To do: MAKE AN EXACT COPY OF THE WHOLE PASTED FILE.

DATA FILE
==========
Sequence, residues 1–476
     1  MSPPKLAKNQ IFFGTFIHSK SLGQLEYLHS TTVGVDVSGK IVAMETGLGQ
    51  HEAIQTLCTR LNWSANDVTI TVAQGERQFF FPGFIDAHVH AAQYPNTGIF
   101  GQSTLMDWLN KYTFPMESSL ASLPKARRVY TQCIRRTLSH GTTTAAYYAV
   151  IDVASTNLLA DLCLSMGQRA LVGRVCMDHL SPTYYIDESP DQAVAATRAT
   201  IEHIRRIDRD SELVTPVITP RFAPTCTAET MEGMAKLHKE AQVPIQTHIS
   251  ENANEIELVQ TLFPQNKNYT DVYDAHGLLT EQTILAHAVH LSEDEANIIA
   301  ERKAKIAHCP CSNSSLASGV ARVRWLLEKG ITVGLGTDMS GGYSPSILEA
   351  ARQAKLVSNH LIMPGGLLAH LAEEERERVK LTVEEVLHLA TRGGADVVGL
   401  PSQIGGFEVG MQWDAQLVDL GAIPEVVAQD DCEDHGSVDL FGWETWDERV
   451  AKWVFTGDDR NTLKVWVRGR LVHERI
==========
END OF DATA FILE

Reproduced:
Sequence, residues 1–476
     1  MSPPKLAKNQ IFFGTFIHSK SLGQLEYLHS TTVGVDVSGK IVAMETGLGQ
    51  HEAIQTLCTR LNWSANDVTI TVAQGERQFF FPGFIDAHVH AAQYPNTGIF
   101  GQSTLMDWLN KYTFPMESSL ASLPKARRVY TQCIRRTLSH GTTTAAYYAV
   151  IDVASTNLLA DLCLSMGQRA LVGRVCMDHL SPTYYIDESP DQAVAATRAT
   201  IEHIRRIDRD SELVTPVITP RFAPTCTAET MEGMAKLHKE AQVPIQTHIS
   251  ENANEIELVQ TLFPQNKNYT DVYDAHGLLT EQTILAHAVH LSEDEANIIA
   301  ERKAKIAHCP CSNSSLASGV ARVRWLLEKG ITVGLGTDMS GGYSPSILEA
   351  ARQAKLVSNH LIMPGGLLAH LAEEERERVK LTVEEVLHLA TRGGADVVGL
   401  PSQIGGFEVG MQWDAQLVDL GAIPEVVAQD DCEDHGSVDL FGWETWDERV
   451  AKWVFTGDDR NTLKVWVRGR LVHERI